Mona Pretorius is petite, blonde and 22. She’s also an Olympic weight-lifter and a woman of deceptive physical strength. This weekend she’s representing South Africa at the 2011 Reebok CrossFit Games in California for the first time.
Mona began Olympic weightlifting nine years ago – at the age of 13. She says she initially got involved with it to help develop and improve ‘explosive power and speed’ in her karate.
At this stage she was already headed for glory as a six-time world champ in karate, so a future in competitive sport was clearly on the cards.
Yet, as a slim woman barely tipping the scale at 60kg and with no obvious bulges of muscles or masculine tendencies as goes the prescribed stereotype for female bodybuilders, what’s it like being a young woman in such a competitive, male-dominated sport?
“In the beginning I got a lot of negative comments because of the stereotype people put on the sport without having any outside knowledge of it, but now perceptions are beginning to change. I’m getting a lot more positive feedback from everyone as they can see that even though you can do this ‘hard-core’ sport it’s still possible keep your femininity. I mean, I’ve been doing it for years, but yet I still like girly things like shopping and spending time with my friends,” she says.
The girl behind the weight-lifter
But who is this quiet and ambitious young woman when she’s not weight-lifting and setting herself new records and goals?
Click to watch this video of Mona preparing for the 2011 CrossFit Games.
Mona works as a strength and conditioning trainer at Transfit Gym in Cape Town where she does boot-camp style type training, as well as individual and specialised training. She also trains at Cape CrossFit, which is where she began her journey to the CrossFit Games in February.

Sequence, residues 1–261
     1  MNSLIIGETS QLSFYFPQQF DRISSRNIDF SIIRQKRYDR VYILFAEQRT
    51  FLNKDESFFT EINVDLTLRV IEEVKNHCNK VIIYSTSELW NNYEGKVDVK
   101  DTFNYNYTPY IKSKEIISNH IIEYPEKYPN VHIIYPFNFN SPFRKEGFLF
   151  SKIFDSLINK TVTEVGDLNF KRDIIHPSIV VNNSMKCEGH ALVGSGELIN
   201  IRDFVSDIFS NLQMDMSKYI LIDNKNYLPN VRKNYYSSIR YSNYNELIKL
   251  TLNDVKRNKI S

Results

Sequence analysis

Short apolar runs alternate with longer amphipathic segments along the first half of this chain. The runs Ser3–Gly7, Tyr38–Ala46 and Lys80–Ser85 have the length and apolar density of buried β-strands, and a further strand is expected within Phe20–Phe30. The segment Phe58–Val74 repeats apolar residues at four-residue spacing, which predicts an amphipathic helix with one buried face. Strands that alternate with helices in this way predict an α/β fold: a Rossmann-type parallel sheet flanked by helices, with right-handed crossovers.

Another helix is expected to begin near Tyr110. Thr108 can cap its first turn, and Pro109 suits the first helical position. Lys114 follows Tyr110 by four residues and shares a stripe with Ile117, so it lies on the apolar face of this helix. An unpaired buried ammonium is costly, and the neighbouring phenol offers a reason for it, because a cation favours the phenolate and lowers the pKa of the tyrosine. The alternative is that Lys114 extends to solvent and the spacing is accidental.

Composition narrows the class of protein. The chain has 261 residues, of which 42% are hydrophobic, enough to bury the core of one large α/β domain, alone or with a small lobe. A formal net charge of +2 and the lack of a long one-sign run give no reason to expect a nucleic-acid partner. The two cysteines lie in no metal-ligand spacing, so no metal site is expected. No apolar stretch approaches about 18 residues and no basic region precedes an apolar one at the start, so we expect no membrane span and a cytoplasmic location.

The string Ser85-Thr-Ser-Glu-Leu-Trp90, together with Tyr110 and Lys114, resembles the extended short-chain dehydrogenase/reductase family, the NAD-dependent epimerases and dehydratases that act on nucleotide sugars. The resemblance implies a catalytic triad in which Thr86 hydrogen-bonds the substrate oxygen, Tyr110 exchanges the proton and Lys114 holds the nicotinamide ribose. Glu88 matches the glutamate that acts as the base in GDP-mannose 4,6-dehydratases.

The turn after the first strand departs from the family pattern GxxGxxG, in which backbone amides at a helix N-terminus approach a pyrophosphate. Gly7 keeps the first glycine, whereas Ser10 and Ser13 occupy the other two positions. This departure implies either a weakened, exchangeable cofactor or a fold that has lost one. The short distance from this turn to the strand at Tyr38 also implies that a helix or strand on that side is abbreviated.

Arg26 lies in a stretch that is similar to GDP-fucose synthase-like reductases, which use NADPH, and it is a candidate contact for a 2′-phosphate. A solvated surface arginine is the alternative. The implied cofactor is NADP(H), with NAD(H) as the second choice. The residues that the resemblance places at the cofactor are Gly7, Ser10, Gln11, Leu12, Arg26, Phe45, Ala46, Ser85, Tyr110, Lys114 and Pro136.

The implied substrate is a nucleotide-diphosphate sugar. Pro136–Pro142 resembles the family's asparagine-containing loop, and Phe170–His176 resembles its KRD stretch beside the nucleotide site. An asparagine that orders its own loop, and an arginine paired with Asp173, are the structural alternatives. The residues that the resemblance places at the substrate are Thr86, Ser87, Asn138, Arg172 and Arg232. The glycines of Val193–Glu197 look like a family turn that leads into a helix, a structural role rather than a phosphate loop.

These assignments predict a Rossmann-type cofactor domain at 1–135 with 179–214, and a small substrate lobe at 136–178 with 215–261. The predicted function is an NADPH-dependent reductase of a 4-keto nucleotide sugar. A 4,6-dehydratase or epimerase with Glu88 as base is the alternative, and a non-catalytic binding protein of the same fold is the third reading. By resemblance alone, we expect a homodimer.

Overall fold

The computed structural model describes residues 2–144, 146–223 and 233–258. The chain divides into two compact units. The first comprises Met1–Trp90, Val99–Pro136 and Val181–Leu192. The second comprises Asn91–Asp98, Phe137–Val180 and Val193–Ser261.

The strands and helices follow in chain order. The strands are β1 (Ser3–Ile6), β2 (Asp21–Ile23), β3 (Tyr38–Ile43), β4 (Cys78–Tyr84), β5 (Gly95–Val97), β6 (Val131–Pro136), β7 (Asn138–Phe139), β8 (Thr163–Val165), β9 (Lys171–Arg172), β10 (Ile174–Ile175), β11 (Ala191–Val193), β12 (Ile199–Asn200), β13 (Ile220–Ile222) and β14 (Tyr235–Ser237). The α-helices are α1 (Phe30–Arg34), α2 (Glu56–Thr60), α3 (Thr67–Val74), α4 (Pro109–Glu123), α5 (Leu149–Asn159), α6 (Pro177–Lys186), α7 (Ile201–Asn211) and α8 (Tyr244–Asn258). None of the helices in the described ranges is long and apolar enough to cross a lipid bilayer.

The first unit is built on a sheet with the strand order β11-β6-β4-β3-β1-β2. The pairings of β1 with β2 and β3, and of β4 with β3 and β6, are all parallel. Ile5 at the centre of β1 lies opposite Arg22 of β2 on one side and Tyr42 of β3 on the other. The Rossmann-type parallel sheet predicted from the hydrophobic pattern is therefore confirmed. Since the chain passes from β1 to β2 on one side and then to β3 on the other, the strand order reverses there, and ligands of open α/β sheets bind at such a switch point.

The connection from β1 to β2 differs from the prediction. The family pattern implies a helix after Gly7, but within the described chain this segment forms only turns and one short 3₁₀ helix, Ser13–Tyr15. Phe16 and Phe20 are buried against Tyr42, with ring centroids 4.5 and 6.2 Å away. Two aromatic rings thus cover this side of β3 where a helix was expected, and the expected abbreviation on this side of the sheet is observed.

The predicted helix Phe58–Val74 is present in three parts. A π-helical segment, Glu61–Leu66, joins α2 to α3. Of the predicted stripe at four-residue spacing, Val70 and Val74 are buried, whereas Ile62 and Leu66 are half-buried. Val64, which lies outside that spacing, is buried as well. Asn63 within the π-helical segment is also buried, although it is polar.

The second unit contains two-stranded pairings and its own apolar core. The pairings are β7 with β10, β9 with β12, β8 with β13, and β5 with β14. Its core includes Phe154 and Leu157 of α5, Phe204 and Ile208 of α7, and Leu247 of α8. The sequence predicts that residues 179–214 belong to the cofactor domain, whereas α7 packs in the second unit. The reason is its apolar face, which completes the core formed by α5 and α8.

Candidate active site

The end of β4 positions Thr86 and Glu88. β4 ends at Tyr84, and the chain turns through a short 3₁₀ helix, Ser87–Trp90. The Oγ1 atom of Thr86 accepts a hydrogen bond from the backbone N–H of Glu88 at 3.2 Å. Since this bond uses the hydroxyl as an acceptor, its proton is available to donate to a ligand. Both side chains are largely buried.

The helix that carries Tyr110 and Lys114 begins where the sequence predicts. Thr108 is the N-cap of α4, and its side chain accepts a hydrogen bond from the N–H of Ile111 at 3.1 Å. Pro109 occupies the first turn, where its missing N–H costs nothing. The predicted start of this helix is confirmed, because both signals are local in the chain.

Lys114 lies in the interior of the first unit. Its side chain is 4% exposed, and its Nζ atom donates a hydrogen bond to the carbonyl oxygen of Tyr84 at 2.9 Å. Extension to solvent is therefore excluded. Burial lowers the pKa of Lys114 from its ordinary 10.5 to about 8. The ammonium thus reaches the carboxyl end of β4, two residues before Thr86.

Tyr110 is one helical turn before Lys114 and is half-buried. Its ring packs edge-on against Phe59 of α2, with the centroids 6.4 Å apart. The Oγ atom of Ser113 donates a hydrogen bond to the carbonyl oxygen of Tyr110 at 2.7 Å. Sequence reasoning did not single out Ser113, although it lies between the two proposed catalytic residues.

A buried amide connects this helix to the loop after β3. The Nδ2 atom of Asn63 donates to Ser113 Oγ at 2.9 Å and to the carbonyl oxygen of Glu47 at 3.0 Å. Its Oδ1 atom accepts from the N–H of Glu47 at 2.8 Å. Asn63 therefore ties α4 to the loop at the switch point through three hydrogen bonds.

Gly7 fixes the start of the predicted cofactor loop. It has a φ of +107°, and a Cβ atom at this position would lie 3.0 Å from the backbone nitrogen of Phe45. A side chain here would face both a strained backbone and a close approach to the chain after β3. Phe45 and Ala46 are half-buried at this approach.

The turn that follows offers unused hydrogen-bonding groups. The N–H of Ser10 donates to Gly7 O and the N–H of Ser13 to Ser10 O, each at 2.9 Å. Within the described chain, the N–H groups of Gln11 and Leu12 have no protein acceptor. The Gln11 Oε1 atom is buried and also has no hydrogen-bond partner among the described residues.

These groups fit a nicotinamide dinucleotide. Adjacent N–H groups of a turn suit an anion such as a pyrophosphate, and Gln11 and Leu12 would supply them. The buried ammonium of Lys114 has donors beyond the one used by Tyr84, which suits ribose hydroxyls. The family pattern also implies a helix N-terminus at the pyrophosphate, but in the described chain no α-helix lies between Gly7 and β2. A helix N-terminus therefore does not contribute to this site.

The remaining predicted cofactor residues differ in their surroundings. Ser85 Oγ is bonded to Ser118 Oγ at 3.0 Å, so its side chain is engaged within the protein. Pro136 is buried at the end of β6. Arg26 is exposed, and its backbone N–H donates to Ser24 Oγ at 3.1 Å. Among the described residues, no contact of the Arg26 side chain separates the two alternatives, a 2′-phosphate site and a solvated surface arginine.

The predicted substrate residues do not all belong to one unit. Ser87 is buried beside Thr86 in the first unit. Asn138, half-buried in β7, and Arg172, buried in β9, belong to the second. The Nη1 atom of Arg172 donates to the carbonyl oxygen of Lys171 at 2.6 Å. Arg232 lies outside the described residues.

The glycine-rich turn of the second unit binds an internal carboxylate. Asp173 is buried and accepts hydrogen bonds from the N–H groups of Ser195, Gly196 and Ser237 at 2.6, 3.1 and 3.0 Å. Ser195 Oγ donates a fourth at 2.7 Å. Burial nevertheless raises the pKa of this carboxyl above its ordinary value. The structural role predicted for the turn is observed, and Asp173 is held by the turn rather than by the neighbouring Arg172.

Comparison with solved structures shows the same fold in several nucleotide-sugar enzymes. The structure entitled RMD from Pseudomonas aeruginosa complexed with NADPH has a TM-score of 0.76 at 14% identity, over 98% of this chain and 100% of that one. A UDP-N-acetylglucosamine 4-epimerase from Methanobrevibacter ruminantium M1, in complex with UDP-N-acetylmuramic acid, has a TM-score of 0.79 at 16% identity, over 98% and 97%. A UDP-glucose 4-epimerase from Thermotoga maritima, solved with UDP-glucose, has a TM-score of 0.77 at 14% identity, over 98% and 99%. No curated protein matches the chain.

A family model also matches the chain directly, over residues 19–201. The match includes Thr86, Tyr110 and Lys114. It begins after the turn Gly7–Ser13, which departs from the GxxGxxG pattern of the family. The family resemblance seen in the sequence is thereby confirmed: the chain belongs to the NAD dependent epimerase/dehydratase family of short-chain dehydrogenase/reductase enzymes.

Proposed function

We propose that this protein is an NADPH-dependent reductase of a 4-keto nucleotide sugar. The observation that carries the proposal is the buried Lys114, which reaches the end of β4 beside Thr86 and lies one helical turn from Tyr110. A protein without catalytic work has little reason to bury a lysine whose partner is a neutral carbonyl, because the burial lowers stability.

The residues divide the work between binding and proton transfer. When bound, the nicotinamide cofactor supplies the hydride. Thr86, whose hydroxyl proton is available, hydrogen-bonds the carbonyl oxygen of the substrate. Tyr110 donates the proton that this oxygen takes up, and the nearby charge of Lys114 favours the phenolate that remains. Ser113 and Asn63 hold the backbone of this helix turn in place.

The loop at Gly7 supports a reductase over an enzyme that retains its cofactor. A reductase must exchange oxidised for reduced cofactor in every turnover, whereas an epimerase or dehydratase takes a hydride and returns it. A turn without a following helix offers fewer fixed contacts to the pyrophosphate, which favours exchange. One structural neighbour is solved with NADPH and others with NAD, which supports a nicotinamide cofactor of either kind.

However, she’s also just a girl at heart though, and says she loves nothing more than “hanging out with my friends or going to my home town (Port Elizabeth) to visit family and friends ...I might just add I love shopping.”
Achievements so far
While she might only be a tender 22 years of age, Mona has already racked up a very impressive list of achievements including being a six-time world champion in karate, the first South African weightlifter to ever win a medal at a world championships event (2009 Greece), she’s also a youth senior and junior Gold Medallist in weightlifting and an SA senior and Junior record holder .
She has so far competed twice at the Commonwealth Games and recently won the Crossfit Regional African Championships women’s division after only three months of training in crossfit. This weekend she is competing in California at the international CrossFit Games representing South Africa.
Behind the numbers
Looking at Mona you’d never guess that such a small frame could be quite so powerful, but once you see her in action you realise that perceptions are indeed very misleading.
When it comes to weightlifting her numbers are staggering, and would impress most hardened gym-goers.
Her maximum snatch weight is 82kg , her clean-and-jerk sits at 102kg, she recently deadlifted a new PR of 160kg , and she comfortably squats a whopping 180kg.
"Its my love for sport that keeps me reaching for higher goals, and I'm determined to always give my best in everything that I do. I always set myself small goals, and then bigger ones so I know once I achieve the smaller ones, I'm one step closer to my biggest ones."
Big dreams and future plans
As a first time competitor in the CrossFit Games, Mona says she’s very excited to not only be competing in such an event, but also to be representing her country yet again.
She says her strategy is to make sure she has had sufficient training “to be the best I can be on the day, and to just go out there and improve my personal bests”.
You can watch Mona competing at the CrossFit Games here.
Other long-term goals include the 2012 and 2016 Olympic Games and she has her eye set on winning the Crossfit World Championships in 2012-2013.
Tips for aspiring female weight-lifters
“If you are interested in weight-lifting and it’s a passion of yours, don’t let anyone stop you from going out there and doing it. There aren’t a lot of girls doing it at the moment and there are very few coaches in this country – but to me it’s a way of expressing how strong women can actually be,” she says.
We wish Mona and the other South African competitors at the CrossFit Games this weekend the best of luck. Follow the Team Cape CrossFit's journey to the Games on their blog here.
(Amy Froneman, Health24, July 2011)